The scientist who ventures away from her original research interest is far rarer than those who stay in familiar territory, according to new research in the emerging field of “the science of research science” published in Nature Human Behavior. The quantitative analysis reveals three key patterns: few scientists move away from their original research focus, those who move do so gradually, and even new interests tend to incorporate favored topics from earlier in their career.
“In science there is room for people who focus their whole life in one direction, and for those who move into different areas. And yet, not surprisingly, the larger the extent of change over their career, the smaller the percentage of people who are doing it,” said Boleslaw Szymanski, the senior author of the research and director of the Network Science and Technology (NeST) Center at Rensselaer Polytechnic Institute.
The science of research science seeks to better understand the scientific enterprise, improving the quality of results and the pace of innovation.
“There are enormous challenges to overcome for scientists to move between disciplines. With this work, we can begin to identify the barriers, and work to better manage science and the direction of innovation,” said Szymanski, the Claire and Roland Schmitt Distinguished Professor of Computer Science at Rensselaer.
To track research interests over time, Szymanski and his co-authors looked at research articles published in American Physical Society (APS) journals over 30 years, a collection that included 14,715 scientists, each of whom published more than 16 papers, for a total of about 500,000 articles. Each article included topical tags from the Physics and Astronomy Classification Scheme, which identifies 10 main topics and 67 areas within those topics. Authors tag each article with a topic and as many areas as they choose, but on average there are three tags per paper. In the analysis, Szymanski and his team chose the first three tags, creating an ordered list, or “topic tuple,” that represented the research interests of the author at the time of publication.
With this information, the team was able to track the extent to which research interests shifted over the course of a career and how quickly they shifted, and prepared a model to depict that shift.
The analysis showed that most scientists retained remarkably homogenous research interests throughout the course of their career. In choosing topics, scientists are more likely to select more recently used topics than those used long ago. And changing interests tend to happen gradually, with more elements of a new topic preserved than replaced. Looking at the frequency with which topics appear in a publication sequence, the analysis found that a small number of topics appear frequently while most subjects appear only a few times, a pattern described mathematically with a “power law distribution.”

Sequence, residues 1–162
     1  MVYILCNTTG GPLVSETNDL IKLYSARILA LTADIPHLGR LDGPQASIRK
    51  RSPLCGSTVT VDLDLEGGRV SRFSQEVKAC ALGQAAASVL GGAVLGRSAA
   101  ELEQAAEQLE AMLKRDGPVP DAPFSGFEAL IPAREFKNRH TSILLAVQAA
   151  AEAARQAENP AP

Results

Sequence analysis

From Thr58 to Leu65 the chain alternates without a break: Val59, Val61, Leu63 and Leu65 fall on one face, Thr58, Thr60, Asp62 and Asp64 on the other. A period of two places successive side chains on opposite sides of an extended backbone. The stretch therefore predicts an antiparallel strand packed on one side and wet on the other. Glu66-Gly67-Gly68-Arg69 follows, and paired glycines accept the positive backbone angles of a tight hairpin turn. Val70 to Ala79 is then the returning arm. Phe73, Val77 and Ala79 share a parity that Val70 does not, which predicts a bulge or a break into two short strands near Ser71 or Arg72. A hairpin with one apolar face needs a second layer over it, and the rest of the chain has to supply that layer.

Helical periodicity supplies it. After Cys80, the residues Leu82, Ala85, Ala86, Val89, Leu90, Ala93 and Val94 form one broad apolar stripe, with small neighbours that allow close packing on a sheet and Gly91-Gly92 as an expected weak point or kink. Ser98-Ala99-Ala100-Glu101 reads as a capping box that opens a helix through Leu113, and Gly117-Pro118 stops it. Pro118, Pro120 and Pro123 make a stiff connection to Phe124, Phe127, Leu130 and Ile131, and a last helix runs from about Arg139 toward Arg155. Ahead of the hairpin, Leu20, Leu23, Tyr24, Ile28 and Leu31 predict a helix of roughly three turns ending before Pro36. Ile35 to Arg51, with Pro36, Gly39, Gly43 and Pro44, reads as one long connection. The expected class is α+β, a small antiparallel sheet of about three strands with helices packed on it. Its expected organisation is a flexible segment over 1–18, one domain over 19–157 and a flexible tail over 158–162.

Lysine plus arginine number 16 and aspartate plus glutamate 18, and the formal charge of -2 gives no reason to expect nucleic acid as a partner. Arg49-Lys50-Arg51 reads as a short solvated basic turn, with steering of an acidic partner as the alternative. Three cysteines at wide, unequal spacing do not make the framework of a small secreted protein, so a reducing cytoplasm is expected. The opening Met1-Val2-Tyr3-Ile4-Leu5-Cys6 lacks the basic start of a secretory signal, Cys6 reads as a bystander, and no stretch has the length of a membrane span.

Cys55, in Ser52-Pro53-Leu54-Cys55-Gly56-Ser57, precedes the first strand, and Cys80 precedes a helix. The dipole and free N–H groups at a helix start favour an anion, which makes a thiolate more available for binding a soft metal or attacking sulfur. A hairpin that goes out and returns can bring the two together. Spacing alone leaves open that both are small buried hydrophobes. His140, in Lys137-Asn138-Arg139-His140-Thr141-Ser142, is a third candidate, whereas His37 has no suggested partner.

While scientists who strayed far from their original research focus were rare, they were equally as productive as those who stayed close to home.
The team also created a series of models to test assumptions about changes in research interest, and found that the changes in research interest were best modeled by an unbiased random walk along a line of topics, with an equal chance for a scientist to move away from or back to the starting point. Also, scientists who shifted interest over time did so gradually, with more elements in a given topic tuple preserved than changed at each point.
“Quantifying patterns of research-interest evolution” can be found using DOI:10.1038/s41562-017-0078. Szymanski was joined in the research by Tao Jia, a former postdoctoral research associate in the NeST Center who is now on the faculty of Southwest University in Chongqing, China, and Dashun Wang of Northwestern University.
Szymanski’s research is enabled by the vision of The New Polytechnic, an emerging paradigm for higher education which recognizes that global challenges and opportunities are so great they cannot be adequately addressed by even the most talented person working alone. Rensselaer serves as a crossroads for collaboration — working with partners across disciplines, sectors, and geographic regions — to address complex global challenges, using the most advanced tools and technologies, many of which are developed at Rensselaer. Research at Rensselaer addresses some of the world’s most pressing technological challenges — from energy security and sustainable development to biotechnology and human health. The New Polytechnic is transformative in the global impact of research, in its innovative pedagogy, and in the lives of students at Rensselaer.
About Rensselaer Polytechnic Institute
Rensselaer Polytechnic Institute, founded in 1824, is America’s first technological research university. For nearly 200 years, Rensselaer has been defining the scientific and technological advances of our world. Rensselaer faculty and alumni represent 85 members of the National Academy of Engineering, 17 members of the National Academy of Sciences, 25 members of the American Academy of Arts and Sciences, 8 members of the National Academy of Medicine, 8 members of the National Academy of Inventors, and 5 members of the National Inventors Hall of Fame, as well as 6 National Medal of Technology winners, 5 National Medal of Science winners, and a Nobel Prize winner in Physics. With 7,000 students and nearly 100,000 living alumni, Rensselaer is addressing the global challenges facing the 21st century—to change lives, to advance society, and to change the world. To learn more, go to www.rpi.edu.